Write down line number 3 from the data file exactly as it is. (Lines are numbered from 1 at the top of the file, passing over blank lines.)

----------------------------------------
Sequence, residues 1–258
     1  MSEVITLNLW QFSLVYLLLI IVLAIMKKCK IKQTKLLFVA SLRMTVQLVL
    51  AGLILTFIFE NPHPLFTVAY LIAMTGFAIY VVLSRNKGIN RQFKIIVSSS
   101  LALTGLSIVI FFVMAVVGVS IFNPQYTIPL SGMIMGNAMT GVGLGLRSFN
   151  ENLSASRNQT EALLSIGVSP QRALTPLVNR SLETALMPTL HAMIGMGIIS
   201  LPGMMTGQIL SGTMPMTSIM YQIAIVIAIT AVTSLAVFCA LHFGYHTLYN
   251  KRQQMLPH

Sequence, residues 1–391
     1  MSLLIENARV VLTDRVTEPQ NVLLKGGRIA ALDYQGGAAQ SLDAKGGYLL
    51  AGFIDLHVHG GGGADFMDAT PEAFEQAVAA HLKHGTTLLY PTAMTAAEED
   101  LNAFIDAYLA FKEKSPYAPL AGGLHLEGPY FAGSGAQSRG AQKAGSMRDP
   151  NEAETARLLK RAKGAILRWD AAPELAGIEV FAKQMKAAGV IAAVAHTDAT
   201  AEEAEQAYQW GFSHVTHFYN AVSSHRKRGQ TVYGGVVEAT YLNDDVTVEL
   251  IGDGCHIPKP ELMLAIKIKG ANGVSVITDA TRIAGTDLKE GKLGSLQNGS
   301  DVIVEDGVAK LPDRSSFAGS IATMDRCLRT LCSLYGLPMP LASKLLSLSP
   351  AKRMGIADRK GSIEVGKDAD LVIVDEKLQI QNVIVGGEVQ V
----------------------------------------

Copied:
    51  AGLILTFIFE NPHPLFTVAY LIAMTGFAIY VVLSRNKGIN RQFKIIVSSS